But what is more close to my heart as a pastor, as a spiritual person, our country used to talk about Liberty and Equality. Now we just seem to shorten that to “freedom.” What ever happened to “equality” as an American value? It is almost like we have become afraid to say the word. Lady Justice appears in courthouse art, blindfolded and holding scales aloft to announce that we are all equal but are the rich and the poor equal in the halls of justice? Are white and black defendants equal when they go to court?
If the Trump administration showed us nothing else, especially with Attorney General, Bill Barr, we don’t have a justice system, we have a legal system.
We have laws but we don’t have much justice. The wealthy and powerful can literally stage a violent coups to overthrow our democracy and six months later, only the gullible pawns have been arrested, and none of the organizers, instigators, or people who planned to benefit from the coup have even been charged . . . heck, their lackies in the Republican Party won’t even allow them to be investigated because it would be like forming a search party to find the elephant in the room . . . it wouldn’t take long to bring charges of treason against Donald Trump, Bill Barr, and our own Senator Josh Hawley. And because it is so obvious, we are not allowed to open our eyes and look.
We don’t have a justice system, we just have a legal system that can be used to punish the poor for being poor, while turning a blind eye to the crimes of the wealthy and powerful. You have to remember that in their day, slavery was legal, the 19th century genocide of the American Indians was legal. The 20th Century German genocide of the Jews was legal. But it wasn’t moral. It wasn’t justice.
The legal system is used to keep poor people poor in our day. It is legal but it isn’t just. We religious people are the ones who still believe that equality is a part of what it means to be patriotic. . . even if everyone around us has almost forgotten.
I contend that the way things stand now, our minimum wage is little more than a reconfiguring of slavery. Our hypocritical laws about immigration, also forms a layer of slavery that runs most of our agriculture, hotel and motel, and construction industries, and no small portion of our restaurant industry. I insist that prisons are being used to create slave labor camps and transfer tax dollars to for profit corporations. And all of this is happening under the guise of democracy when it is, in any honest view, the opposite of democracy.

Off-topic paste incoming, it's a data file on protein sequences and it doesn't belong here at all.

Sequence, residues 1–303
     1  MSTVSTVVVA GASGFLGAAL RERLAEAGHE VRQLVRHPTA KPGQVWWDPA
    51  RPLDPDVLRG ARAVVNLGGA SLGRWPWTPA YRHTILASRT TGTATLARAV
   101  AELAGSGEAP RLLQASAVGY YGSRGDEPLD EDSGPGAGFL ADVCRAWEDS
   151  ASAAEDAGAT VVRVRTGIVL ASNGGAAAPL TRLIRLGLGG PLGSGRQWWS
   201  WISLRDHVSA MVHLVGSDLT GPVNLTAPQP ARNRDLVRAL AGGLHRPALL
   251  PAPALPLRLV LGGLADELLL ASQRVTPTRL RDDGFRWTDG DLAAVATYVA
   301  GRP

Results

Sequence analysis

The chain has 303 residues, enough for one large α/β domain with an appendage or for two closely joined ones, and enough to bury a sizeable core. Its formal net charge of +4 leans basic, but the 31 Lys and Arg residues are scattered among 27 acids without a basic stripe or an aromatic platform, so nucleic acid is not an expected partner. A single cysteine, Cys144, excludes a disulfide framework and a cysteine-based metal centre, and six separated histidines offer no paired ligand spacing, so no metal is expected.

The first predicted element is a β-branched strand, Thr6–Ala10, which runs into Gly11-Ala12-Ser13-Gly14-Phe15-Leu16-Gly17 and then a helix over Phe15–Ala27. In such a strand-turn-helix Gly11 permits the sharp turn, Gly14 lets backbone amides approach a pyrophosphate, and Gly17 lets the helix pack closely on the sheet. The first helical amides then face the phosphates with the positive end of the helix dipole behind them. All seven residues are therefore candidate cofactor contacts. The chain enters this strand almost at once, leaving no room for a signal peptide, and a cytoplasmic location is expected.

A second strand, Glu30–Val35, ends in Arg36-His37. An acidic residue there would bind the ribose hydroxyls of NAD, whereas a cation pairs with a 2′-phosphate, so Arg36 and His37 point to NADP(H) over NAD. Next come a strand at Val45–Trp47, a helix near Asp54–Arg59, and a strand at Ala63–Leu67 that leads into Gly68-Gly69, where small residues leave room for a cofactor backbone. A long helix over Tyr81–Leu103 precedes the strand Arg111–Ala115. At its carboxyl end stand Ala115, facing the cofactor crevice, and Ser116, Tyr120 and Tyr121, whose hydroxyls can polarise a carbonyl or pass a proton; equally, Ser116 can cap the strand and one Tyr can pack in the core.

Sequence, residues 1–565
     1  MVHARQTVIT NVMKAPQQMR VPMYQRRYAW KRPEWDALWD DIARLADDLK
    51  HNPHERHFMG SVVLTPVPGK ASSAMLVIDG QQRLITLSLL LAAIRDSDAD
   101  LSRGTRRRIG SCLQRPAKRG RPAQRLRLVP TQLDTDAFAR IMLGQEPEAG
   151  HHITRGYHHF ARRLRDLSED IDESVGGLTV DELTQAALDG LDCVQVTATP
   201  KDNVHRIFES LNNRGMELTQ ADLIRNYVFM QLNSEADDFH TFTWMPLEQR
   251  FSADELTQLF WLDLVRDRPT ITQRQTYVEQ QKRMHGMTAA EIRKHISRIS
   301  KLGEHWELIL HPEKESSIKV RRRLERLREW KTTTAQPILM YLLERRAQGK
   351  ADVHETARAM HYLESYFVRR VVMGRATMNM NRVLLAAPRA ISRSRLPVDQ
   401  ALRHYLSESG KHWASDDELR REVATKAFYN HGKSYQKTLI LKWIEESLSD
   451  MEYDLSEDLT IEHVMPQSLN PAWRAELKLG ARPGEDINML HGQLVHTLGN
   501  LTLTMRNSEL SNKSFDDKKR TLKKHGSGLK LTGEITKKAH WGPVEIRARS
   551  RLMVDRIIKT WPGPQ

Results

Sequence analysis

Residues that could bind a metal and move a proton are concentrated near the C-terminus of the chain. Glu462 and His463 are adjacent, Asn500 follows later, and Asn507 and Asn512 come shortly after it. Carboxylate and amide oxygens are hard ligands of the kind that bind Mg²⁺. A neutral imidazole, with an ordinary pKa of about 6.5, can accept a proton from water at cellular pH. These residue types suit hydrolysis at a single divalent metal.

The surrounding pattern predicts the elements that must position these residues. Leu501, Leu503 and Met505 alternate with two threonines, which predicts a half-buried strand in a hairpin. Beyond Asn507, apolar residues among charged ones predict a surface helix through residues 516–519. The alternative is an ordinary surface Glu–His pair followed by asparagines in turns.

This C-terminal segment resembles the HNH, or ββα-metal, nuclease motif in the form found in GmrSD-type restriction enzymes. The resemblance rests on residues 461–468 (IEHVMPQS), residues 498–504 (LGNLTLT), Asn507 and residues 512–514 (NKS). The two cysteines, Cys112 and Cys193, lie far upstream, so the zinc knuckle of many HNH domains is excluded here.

Are we bad people to let this go on? Are we evil if we peacefully accept this inequality, this level of poverty and violence? Well, maybe, or maybe we are like my hillbilly relatives who lacked imagination to envision a world that moved past slavery, that moved past the exploitation of immigrants and the poor, that worked together for the common good, to, as was said, e pluribus unum, to make one nation from the many different races, languages, religions, and tribes of the world, united in liberty and equality.
I don’t think that we are evil. I do think that we lack both compassion and imagination.
I don’t hate America, but I do believe in a better America. I am not willing to settle for the status quo because I can imagine something so much better.
The poet Robert Browning said, “Ah, but a man’s reach should exceed his grasp, or what’s a heaven for?” Folks what I am saying is that we cannot just accept the way things are as being the only way that things can be.
We must imagine more and better, for all of the people of the world. And if nothing else, at least get ready to burn your Sam’s card and start going to Costco. Baby steps, people, baby steps. But there is more for which we can hope.
Dr. Roger Ray